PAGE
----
>> But I don't work with frozen releases. I make 'em, export 'em, and then
>> move on. 
> But that's the whole point.  You're supposed to export a release
> (i.e. freeze it), before you do anything with it outside of a working
> directory where you've got full access to its current state and history!

My cvs repository isn't local. And I'm not running a pserver; remote
access is strictly via ssh.  Using cvs commands to inspect the status
of a file just clutters my desktop, takes more time, and depending on
where I'm at (say, on a novice's machine trying to figure out what's
trashed on their system), lots of keyboard shuffling for password and
passphrase typing.

Going to the shell to find out the current state doesn't strike me as
being a very good process; it breaks continuity, often requiring me 
to grab the mouse or otherwise shift my focus away from the file at
hand -- which seem to be prime candidates for errors and misinterpretations.

(Now, if I were using emacs, or a CVS-aware IDE, I might be able to 
acquire status and state information without this sort of problem,
but emacs hurts my wrists, and IDEs tend to be mouse-driven, so 
neither one are options....)

> Just make sure you use 'cvs export -kv' to really freeze the keyword
> values permanently.

Hm. Good point.

> Do not ever copy any files (source or product) from a working directory
> and use them for anything where they might be confused with any files
> from any other working directory!


> Don't use paper!  Seriously!  Always work online in the relevant working
> directory!  If someone really needs paper to work with then they can use
> it, but they must only use it privately and never share it.  Paper has
> no history or state w.r.t. the repository!

Not using paper? Heresy!

Seriously, paper is extremely useful for me. It travels better than 
laptops, is easier to read and debug as source [I'm assuming that 
debugging-on-paper means that debugging-by-running has already failed.],
to understand as an algorithm...  The CRT is a low-resolution display.

I've been told about the paperless office and the paperless development
process for fifteen years, and I still haven't seen it.  :-/

Granted, I generally work online, but I may have a dozen files in the
buffer of the editor, and four to six xterms on the current desktop,
but "current directory" doesn't match to a file being currently edited. 

(I don't copy files. But I do print 'em out... especially if it's a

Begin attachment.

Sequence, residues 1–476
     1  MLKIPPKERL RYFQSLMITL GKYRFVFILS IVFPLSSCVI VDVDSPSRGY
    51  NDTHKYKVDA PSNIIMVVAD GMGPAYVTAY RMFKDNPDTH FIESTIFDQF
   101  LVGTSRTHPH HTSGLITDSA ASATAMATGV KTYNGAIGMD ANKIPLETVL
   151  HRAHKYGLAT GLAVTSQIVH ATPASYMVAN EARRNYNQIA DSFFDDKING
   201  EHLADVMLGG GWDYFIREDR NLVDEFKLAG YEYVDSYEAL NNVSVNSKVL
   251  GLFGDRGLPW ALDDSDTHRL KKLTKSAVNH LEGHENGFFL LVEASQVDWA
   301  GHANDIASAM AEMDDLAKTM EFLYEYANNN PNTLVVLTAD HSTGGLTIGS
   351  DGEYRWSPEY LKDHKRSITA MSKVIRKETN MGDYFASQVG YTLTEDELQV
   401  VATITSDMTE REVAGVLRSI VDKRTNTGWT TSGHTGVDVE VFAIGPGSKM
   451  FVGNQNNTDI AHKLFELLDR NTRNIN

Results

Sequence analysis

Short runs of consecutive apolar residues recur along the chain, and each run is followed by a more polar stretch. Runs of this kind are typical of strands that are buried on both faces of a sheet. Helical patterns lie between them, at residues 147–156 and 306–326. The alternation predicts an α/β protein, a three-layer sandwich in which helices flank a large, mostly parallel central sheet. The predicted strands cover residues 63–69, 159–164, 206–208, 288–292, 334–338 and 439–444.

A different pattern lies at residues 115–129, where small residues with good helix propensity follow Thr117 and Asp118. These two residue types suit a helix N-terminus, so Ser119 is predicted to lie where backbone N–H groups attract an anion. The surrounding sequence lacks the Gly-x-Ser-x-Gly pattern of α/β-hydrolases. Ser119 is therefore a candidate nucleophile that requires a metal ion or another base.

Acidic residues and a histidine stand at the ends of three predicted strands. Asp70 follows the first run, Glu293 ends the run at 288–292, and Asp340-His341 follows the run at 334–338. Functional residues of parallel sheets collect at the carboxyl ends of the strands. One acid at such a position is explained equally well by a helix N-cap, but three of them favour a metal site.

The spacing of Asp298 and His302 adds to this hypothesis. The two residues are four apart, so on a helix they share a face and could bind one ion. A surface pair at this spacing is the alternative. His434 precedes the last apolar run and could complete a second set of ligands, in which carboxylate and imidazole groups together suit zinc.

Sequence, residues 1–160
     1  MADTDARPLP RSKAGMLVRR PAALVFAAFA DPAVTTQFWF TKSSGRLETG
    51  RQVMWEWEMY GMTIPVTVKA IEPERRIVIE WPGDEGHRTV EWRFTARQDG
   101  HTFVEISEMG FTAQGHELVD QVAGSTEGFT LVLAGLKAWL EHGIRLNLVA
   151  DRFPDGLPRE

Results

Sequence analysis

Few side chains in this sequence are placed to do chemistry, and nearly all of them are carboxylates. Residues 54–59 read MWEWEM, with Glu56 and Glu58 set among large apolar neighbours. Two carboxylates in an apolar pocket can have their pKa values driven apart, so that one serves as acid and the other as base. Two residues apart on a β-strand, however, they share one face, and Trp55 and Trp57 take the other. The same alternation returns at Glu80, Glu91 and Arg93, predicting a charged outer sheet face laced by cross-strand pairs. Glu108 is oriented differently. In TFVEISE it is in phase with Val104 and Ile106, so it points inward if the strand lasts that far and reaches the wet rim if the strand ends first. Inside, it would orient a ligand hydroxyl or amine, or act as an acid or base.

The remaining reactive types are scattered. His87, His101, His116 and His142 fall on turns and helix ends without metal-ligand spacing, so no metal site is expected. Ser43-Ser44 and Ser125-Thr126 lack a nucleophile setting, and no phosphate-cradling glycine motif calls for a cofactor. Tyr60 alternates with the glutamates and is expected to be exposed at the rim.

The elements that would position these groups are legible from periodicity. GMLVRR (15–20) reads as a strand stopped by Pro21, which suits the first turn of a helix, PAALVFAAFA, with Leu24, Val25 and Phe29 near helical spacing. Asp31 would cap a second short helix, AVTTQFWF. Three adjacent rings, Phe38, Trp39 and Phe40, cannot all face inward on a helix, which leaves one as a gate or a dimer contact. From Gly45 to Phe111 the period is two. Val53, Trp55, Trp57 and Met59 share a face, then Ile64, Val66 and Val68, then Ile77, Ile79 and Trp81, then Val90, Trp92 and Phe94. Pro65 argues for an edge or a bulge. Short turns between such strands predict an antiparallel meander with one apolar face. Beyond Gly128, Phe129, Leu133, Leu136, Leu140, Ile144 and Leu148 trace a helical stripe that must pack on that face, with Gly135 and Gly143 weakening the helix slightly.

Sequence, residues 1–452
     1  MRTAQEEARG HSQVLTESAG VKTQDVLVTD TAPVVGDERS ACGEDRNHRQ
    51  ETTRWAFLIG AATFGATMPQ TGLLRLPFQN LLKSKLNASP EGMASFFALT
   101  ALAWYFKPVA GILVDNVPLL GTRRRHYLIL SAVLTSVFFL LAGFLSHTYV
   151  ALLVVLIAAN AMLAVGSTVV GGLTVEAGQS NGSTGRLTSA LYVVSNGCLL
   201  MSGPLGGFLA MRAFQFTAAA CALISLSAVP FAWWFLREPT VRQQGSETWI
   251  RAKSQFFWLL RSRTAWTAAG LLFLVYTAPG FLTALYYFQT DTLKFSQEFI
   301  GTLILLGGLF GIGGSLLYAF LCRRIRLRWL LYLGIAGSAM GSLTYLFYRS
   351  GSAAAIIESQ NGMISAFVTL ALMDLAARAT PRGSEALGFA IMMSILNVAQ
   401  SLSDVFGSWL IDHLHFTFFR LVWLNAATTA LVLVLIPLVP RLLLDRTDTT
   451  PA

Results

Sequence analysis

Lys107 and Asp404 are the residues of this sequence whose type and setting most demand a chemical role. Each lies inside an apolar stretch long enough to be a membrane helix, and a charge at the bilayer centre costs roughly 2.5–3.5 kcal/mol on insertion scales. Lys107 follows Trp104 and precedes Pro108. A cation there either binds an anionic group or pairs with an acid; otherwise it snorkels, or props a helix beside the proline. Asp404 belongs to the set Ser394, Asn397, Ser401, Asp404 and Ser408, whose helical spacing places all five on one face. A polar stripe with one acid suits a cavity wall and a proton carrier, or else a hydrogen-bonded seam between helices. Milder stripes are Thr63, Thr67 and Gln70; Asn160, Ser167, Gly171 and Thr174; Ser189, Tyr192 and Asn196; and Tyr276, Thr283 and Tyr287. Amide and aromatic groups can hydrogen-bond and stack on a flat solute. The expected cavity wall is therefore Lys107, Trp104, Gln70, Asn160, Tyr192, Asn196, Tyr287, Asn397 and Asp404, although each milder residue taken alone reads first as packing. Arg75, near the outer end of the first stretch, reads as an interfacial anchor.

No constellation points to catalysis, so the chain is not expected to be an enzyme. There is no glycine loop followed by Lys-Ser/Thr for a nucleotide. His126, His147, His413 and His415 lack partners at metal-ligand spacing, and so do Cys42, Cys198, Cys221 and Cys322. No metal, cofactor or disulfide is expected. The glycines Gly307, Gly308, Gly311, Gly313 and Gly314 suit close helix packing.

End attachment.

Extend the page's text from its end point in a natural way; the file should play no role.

code problem with someone else's code, and they're on a NT box. I
can't get work done under NT, and checking it in would break other
stuff, so paper is a good alternative.)

>> (Or if I sit down at their machine, and start looking
>> at what they're working with. Since it's not my machine or account, 
>> using the cvs commands to investigate isn't practical.)
> Don't use their account (or their machine)!  Login as yourself.  That
> way you won't accidentally change anything in their directory either.

I don't have accounts on their machines. And they're having problems
in THEIR repository.

Typically, when I'm approached with a problem like this, it's where's
your code, and what branch is it in? Then I go there in my copy, make
sure I have an up-to-date version of everything, and lo! It works for

That doesn't help me to help them...

>> It Has Been Declared That Revision ID Numbers Are Not Meant For Humans.
> You misunderstand.  Read the rest of the sentence again:
>> > from there you can always deduce everything else that's relevant by
>> > using them as an index into the "cvs log" output for the given file.
> Revision Ids are simply indexes into the repository.  Use them only for
> that purpose.

That's what computers are for. Going around trying to match up opaque
numbers is worse than adopting a scheme that gives meaning to those
numbers and updating them every time a tag is made.

THAT worked, but isn't kosher.

(Before that, using $Log$ in the file indicated what was going on, which
worked, but it tended to make the files large, and again, it isn't kosher.)

>> Deducing everything that's relevent through five minutes of using
>> cvs status and cvs log is four minutes and fifty-five seconds of
>> wasted time.  I'm certainly not going to be able to make that fly
>> with a developer who still isn't comfortable with 'cvs commit'.
> You're not making effective use of your tools!  :-)


I'm not allowed to use pointed sticks for motivational purposes.

Oh, wait, _my_ tools. That would be xterm, gvim, cvs, find, grep, awk...

> (oh, and don't forget 'cvs annotate', or it's equivalent in PCL-CVS,
> etc. either -- it's very very very useful!)

Hm. Yes, but it'll take some practice to properly interpret and use

How often do you use annotate? Daily? Before you start changing any code?
Only when there's a problem?

>> Alas, that's not the case.
> Why not?  You should be able to define a proper and appropriate and
> consistent software development process that makes use of CVS for
> version control.  Many others have.  :-)

I'm not management.

   Stewart Stremler                                 address@hidden
                Most people's names are Welsh in ROT13.
                                      -- Peter da Silva (March 2000)